The Client-centred Blog

Great people skills – in an instant!

Bridging the gap between technical knowledge and engaging delivery

Great people skills, or soft skills, are just as important to the financial planning process as technical knowledge.

Yet it is so easy to neglect this essential aspect of your work because of the many distractions that you face as a financial adviser.

Well over 20 years ago, back when I was an adviser, I had a brilliant yet unintended lesson from a far more experienced adviser.

A client of mine had a large pension pot (he was a successful futures trader) and he wanted some advice on what he could do with it.

Because I was not yet qualified to give the advice I had to take along another adviser who was. This adviser had literally every qualification it was possible to have.

I looked up to him and was full of excited anticipation at the opportunity to see this master at work.

So, we went to see my client and, well, it was embarrassing. My colleague’s ability to communicate was as poor as his technical knowledge was good!

He subjected to my client to two hours of techno-babble, and I could see him slowly losing the will to live. Click here to read, ‘When is my client ready for deeper conversations?’

Where has the focus of the industry been over the last twenty years?

Almost exclusively on technical ability and intellectual processes!

So, here is a question.

What differentiates you from other financial advisers with the same level of qualifications as you?

It has to be the client experience you create, right?

Customer experience expert and author, Kerry Bodine, said:

“Exceptional customer experiences are the only sustainable platform for competitive differentiation.”

Your ability to give the right advice is expected. It is a given. Just like when you take your car for a service you expect the mechanic to know their way around a car.

A highly engaging experience for your client makes all the difference. This means you are responsive to your client, you understand them, and make the whole planning and advice process meaningful in the context of their lives. If their attention begins to wane you quickly notice and bring them back.

Bridging the gap to a compelling client experience

The missing link for many advisers is bridging the gap. Being able to give excellent advice and communicating it in a way that is relevant, engaging, and compelling for the client.

You might think the answer is soft-skills training but I discovered a problem with this.

For a number of years I taught soft skills. But I began to notice that despite this, many advisers continued to talk techno-babble to clients and I didn’t understand why.

The penny finally dropped when I realised the reason was something far less visible.

State of mind is what determines the quality of a meeting. Your state of mind and your clients state of mind.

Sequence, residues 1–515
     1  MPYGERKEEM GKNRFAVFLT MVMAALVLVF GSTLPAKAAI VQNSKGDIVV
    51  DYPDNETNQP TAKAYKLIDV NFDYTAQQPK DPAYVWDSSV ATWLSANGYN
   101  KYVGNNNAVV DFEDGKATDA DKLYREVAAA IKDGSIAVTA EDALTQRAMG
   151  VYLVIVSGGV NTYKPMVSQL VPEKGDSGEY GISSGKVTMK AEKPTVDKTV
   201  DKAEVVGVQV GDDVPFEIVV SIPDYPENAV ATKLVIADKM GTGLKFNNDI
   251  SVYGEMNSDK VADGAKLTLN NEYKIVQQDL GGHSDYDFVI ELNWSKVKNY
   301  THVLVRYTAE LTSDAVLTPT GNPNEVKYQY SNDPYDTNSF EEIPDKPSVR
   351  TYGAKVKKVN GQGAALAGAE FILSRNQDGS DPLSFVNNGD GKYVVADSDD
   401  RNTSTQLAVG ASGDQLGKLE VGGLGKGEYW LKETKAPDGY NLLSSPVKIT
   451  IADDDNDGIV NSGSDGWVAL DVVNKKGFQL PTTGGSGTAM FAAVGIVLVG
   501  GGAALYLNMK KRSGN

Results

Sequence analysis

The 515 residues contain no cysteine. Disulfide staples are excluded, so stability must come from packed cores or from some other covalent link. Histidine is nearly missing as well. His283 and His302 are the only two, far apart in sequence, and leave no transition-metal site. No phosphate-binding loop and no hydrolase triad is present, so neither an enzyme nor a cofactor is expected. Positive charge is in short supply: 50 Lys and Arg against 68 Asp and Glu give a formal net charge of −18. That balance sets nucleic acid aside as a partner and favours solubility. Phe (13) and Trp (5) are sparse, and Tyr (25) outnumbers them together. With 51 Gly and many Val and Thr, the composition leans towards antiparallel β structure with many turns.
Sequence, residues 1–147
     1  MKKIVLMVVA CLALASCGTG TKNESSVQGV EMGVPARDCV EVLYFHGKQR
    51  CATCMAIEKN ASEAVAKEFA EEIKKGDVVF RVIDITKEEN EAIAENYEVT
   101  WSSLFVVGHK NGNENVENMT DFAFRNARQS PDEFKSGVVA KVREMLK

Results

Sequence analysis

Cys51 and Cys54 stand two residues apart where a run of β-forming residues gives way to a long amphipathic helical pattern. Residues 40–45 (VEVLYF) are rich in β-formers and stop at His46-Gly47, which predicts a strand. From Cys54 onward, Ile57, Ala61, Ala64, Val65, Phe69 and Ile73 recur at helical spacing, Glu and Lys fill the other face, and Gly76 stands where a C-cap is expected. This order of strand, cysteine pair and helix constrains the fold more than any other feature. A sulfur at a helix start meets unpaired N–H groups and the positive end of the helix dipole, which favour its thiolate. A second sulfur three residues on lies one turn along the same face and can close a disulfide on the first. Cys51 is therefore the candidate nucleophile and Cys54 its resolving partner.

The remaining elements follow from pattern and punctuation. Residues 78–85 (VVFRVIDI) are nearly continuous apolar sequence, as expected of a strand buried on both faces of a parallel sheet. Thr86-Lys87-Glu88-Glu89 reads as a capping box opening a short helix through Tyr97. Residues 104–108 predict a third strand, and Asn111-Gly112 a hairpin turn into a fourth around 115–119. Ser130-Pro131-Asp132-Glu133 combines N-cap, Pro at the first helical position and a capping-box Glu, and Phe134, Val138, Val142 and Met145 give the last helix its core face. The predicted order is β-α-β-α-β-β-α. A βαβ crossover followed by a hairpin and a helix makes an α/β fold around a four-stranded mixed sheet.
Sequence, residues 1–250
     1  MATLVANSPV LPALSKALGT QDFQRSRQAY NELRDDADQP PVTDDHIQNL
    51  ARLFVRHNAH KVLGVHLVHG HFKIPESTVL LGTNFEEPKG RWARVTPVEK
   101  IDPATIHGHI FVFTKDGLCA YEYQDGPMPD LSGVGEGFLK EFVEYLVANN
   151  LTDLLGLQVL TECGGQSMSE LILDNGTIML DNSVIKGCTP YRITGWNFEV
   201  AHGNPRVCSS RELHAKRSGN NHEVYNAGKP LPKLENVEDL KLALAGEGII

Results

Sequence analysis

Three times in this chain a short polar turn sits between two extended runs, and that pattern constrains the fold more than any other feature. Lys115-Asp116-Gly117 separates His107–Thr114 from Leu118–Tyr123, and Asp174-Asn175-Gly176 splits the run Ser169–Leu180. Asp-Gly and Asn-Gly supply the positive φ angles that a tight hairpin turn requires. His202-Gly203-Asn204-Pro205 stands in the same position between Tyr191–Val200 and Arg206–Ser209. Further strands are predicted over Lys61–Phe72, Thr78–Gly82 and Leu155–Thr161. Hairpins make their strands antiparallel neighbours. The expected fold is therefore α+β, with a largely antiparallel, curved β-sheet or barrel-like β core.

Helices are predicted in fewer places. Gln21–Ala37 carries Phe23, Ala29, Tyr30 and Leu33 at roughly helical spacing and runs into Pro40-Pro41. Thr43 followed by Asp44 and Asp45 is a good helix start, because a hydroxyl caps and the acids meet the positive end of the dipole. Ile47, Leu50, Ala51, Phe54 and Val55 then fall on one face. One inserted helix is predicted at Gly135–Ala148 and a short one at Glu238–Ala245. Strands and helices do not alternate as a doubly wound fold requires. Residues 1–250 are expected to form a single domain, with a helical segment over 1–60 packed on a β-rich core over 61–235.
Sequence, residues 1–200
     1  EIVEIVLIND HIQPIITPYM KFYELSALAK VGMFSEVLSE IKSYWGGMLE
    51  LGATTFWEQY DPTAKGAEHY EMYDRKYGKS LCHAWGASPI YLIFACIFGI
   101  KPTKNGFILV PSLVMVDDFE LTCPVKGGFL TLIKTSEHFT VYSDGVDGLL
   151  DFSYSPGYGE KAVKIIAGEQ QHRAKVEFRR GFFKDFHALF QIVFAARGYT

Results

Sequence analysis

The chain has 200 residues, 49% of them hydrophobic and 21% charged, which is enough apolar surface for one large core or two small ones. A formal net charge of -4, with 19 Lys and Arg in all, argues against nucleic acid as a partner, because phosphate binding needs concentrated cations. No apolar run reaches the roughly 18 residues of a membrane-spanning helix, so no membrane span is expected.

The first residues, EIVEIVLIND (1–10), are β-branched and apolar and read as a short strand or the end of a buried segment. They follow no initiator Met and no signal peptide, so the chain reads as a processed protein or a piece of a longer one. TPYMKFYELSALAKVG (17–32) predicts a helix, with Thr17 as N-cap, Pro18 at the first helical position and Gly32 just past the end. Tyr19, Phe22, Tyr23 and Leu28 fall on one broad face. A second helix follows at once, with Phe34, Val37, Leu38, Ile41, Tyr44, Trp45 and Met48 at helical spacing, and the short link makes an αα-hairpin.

Business consultant Chantal Burns pointed out that:

“One of the biggest breakdowns at work is not a lack of technical skills or knowledge. It’s not bad processes or too much red tape. The biggest problems is breakdowns in relationship whether it’s with our colleagues, bosses or clients.”

She says that some of the most common barriers are… dominating, controlling, insecurity, approval seeking, and defensiveness. The more thinking we are doing, the poorer our people skills.

One simple solution to great people skills – in an instant!

Soft skills training tends to give people a lot to think about, like when and how to apply the skills.

And if your attention is upon what you are doing then you cannot be paying attention to your client at the same time, can you?

So, wouldn’t it be great if you could have the skills but without having to think about them?

Well, you can.

When you understand the role of Thought in how we communicate it changes everything.

For example, when I think back to that day with my colleague, he simply did not notice how disengaged my client was. Therefore, he was not in a position to do anything about it.

With greater awareness you can instantly tell when you or your client starts to become disengaged (which is inevitable). Then you can do something about it rather than carrying on non the wiser.

Through a simple understanding your client meetings become more inspiring, uplifting and enjoyable.

Great people skills are innate and as natural as breathing when our mind is free and clear. We do not need a bag full of tricks and techniques because these are just not necessary and add nothing to what we already have.

P.S. How free and clear is your mind when you are with your clients? Do you pay attention to how free and clear their minds are and make adjustments if necessary?


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